What If You Made a Terrible Movie on Purpose, and Everybody Loved It?

As a fan of bad movies, I'm a little put off by all this Snakes on a Plane business. Like Avril Lavigne in a Clash t-shirt, or a $75 AC/DC hoodie at Bloomingdales, something about the whole Snakes on a Plane phenomenon is just rubbing me the wrong way. Turns out I'm in good company: Barrelhouse issue three interviewee Chuck Klosterman has an interesting article for Esquire called "The Snakes on a Plane Problem." At the same time, Salon's Aemelia Scott weighs in on the subject and takes Klosterman to task for feeling, like me, a little uncomfortable with all this fuss.

To me, the thing is this: bad movies are supposed to be bad by accident. There's something glorious about a movie that is truly terrible, that takes place in, let's say, a world in which there can be a world famous bouncer, and where Kelly Lynch is a doctor. If that movie -- which, in case you wandered into the wrong blog and don't know what I'm talking about, is, of course, Road House -- were called "World Famous Bouncer" (or if Point Break was called "Keanu Reeves as a Surfer FBI Agent" or Double Jeopardy were "Ashey Judd Tracks Down Her Husband Wearing Different Cute Outfits And Almost Dies in Every Scene Until She Meets up with Tommy Lee Jones and Then She Really Almost Dies and Then She Finally Triumphs And Couldn't Look Any Cuter While Doing It"), the beauty of the bad movie would be lost. And that beauty is the difference between what they were trying to do and what they did, and how incredibly stupid they were, how every single decision somehow went wonderfully awry.

Scott thinks differently. To her, it works like this:

This reveals the meaning of the cult classic. The C factor lies not in the shittiness of the film but in the agreement between moviemaker and moviegoer on the film's shittiness. The moviegoer goes to see a movie and thinks, "Wow, this movie is going to be terrible for X, Y and Z reasons." The bad movie delivers reasons X, Y and Z. The cult film responds, "Oh yeah? You think you know X, Y and Z? We're gonna show you some X, Y and Z!"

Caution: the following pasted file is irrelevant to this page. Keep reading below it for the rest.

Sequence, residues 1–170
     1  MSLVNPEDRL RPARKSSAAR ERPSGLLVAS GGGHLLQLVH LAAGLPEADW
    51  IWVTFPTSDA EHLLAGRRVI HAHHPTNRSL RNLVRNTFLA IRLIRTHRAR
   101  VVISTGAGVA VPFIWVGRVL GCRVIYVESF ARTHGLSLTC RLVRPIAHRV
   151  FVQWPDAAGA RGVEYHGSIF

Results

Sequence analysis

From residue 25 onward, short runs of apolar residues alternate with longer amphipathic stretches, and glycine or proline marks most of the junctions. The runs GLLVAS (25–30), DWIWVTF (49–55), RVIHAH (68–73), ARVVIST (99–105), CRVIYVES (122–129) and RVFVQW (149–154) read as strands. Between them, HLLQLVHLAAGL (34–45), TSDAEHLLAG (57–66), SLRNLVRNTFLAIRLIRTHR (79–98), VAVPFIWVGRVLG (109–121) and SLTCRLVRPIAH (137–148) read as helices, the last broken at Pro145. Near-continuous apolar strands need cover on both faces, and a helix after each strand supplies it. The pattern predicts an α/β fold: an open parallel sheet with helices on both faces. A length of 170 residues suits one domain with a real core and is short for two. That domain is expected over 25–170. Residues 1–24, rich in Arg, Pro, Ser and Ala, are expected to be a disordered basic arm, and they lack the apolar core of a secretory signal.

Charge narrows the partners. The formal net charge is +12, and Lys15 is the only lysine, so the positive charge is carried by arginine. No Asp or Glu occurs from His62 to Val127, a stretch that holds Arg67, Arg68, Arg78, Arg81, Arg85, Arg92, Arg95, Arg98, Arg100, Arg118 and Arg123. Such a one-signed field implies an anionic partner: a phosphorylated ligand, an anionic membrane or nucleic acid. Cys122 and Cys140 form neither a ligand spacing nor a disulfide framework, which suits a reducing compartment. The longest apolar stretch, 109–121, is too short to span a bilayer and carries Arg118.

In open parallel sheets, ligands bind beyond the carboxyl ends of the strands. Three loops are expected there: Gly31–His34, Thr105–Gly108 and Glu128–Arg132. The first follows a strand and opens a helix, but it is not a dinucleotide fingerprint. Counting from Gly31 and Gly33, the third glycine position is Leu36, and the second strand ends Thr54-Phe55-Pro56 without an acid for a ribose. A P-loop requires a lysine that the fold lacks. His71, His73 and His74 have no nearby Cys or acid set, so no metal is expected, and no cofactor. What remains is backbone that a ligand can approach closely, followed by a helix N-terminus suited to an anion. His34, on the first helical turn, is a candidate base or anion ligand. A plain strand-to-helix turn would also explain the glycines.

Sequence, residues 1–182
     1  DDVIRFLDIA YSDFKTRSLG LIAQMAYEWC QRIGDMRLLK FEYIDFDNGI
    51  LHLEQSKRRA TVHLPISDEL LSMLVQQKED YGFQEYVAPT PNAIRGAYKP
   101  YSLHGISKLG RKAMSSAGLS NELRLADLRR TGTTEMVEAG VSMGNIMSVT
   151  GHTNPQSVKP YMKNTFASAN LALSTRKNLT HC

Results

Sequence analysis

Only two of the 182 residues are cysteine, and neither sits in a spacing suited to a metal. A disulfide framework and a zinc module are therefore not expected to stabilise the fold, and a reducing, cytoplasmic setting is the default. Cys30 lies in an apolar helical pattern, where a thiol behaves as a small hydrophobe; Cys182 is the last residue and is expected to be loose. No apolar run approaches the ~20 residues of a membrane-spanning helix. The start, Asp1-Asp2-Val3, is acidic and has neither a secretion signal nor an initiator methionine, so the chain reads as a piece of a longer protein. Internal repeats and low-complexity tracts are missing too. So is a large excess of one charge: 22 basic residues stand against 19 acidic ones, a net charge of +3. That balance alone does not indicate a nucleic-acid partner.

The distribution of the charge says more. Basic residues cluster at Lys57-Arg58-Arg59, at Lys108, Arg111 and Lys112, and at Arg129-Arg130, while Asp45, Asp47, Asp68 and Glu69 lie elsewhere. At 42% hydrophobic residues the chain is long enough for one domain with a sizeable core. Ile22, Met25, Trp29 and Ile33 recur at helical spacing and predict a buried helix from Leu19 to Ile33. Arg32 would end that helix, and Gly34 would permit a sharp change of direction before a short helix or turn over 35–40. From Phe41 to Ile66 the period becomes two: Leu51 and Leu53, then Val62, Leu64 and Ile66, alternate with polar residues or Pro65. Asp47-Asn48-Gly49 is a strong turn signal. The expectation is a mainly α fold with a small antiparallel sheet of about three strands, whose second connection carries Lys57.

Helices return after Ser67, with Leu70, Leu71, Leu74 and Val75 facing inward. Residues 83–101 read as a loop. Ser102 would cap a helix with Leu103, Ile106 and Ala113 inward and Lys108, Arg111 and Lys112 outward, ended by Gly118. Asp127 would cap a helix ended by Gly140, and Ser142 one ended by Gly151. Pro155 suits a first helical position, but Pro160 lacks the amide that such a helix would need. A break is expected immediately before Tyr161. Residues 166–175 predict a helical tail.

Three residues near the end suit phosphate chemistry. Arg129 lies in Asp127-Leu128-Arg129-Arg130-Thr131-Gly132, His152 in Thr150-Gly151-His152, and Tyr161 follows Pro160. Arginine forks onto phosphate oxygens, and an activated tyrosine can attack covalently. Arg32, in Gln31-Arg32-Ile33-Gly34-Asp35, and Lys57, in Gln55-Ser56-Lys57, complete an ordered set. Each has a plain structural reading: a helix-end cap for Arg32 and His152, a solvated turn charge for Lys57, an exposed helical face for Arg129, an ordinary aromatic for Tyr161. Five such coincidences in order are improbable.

"Snakes on a Plane" is an agreement, but one born of an unlikely power shift. It's an agreement between moviegoer and Hollywood. It's an agreement between David and Goliath, where Goliath slips up and calls himself a knuckle-dragging retard giant.

I disagree. I think the first thing we have to do is distinguish between Cult Movies and Bad Movies. Cult movies can be good. In fact, they can be great. Spinal Tap is a cult movie. Slacker and Dazed and Confused are cult movies.

Bad movies are entirely different. And I think what Snakes on a Plane is going for is the Bad Movie kind of cult movie, the kind of movie whose predecessors are Shaft and Over the Top and Anaconda. These are movies where the shittiness is inescapable and accidental, where shittiness is the oxygen that the film breathes, the stuff it was made from, shittiness is absolutely inseparable from the film.

Man, Anaconda was one really great, terrible, shitty movie.